Long before I got the engineering degree, I worked at a job and was considered for a promotion. The area manager had me travel to corporate offices for a discussion with his manager. It was all very exciting and they were nice people. I was very young and they were middle aged. They interviewed me together but they were so nice I never felt outnumbered.
The discussions went well until they began asking very sticky questions about the store manager. I considered my options and decided the truth is always the way to go. I also thought they knew the answers; otherwise, they wouldn't be asking because they wouldn't know to ask. I guessed it was a test. I told the truth and didn't elaborate. I was not promoted.
They never revealed their discomfort with anything discussed. They were very good.
About 25 years later, I unexpectedly ran into the area manager, who was selling cars then. He had long since been let go as had his immediate manager. I asked him about that interview and why I was not promoted.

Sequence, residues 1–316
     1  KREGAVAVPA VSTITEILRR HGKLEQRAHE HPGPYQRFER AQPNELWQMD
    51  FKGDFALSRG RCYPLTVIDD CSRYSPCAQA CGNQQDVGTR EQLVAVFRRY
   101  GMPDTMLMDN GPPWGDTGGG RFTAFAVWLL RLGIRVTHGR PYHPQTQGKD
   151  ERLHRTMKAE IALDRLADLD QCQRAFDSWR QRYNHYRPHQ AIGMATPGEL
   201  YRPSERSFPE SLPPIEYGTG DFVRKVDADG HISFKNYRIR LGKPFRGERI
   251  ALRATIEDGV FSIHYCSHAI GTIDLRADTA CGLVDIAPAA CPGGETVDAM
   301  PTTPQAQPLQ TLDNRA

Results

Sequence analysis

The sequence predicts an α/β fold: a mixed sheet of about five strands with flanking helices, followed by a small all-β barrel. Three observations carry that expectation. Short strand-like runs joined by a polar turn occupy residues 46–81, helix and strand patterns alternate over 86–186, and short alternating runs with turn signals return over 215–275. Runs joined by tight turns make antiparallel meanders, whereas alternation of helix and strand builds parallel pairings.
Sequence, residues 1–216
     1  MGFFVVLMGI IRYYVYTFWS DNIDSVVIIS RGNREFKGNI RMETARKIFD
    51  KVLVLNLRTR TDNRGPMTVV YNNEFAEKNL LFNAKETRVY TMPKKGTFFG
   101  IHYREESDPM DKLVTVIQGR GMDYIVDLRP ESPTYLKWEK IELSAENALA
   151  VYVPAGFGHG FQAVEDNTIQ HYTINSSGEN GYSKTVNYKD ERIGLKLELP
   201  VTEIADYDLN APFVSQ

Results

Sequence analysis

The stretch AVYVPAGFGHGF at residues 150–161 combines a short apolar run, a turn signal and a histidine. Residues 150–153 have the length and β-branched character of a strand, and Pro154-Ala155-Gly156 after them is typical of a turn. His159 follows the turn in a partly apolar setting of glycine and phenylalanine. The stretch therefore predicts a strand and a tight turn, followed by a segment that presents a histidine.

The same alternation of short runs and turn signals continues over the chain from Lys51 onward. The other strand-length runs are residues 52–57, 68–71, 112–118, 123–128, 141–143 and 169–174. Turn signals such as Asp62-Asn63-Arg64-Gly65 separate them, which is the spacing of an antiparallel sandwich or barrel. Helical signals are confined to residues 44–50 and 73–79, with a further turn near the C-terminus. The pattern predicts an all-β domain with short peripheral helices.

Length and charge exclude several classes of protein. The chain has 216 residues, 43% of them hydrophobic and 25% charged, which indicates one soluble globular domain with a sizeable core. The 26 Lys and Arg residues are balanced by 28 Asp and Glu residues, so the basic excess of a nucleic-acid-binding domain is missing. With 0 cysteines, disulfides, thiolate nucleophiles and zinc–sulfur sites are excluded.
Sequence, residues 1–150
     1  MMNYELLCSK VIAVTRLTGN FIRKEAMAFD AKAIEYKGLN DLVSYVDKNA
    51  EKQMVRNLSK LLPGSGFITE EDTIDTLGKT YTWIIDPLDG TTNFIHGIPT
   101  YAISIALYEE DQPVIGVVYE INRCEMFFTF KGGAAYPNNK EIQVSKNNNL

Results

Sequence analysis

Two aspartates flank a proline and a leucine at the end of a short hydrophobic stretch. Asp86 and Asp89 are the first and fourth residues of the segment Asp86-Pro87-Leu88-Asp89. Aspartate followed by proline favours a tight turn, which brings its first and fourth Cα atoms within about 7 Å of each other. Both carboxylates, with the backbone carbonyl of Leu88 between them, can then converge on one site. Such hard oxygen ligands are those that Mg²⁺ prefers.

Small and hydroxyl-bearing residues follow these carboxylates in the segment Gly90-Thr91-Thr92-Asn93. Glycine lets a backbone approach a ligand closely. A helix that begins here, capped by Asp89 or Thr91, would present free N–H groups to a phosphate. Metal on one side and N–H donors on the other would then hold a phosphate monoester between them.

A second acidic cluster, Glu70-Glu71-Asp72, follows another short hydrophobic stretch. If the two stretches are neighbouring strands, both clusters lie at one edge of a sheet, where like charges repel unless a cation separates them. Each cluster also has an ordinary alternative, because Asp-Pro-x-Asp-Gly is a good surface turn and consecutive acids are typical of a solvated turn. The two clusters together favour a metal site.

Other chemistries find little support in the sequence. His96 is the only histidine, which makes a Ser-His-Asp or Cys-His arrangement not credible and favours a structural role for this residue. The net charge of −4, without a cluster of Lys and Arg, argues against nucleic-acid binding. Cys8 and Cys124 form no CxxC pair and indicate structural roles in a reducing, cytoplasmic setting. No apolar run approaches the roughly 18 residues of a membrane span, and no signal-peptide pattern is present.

They, indeed, knew the answers to their questions. They had hard facts on the subjects in question. They were testing my level of honesty deliberately. He admitted that I was doing a great job but I was too honest.
They feared my honesty. If I would be honest about my manager, I would be honest about them, if ever asked by their superiors in such an interview, and that scared them to no end. In his words, "We were afraid you'd tell the truth about us."
They were not going to run the risk of promoting me. He noted their protective scheme had no lasting impact as they both lost their jobs within 5-10 years, if memory serves. He ended that part of the conversation with "no one will be promoted that is too honest." It seems he failed to understand "no one will be kept that is too dishonest."
I did the right thing and paid a price for it. Such things you cannot completely protect yourself from or against. You have to do the right thing and let the dust settle.
In spite of the history, he still acted like he was right and in control.
In one of my areas, an operator was caught sleeping often. They had a bed in their area, too, but it wasn't quite so obvious to management. This guy would fall asleep in the chair rather than the bed on the day shift.
He was an alcoholic but had recently quit drinking. He didn't say when his problems began but they began and progressed. His problems mounted in his family. His wife left him and ultimately divorced him.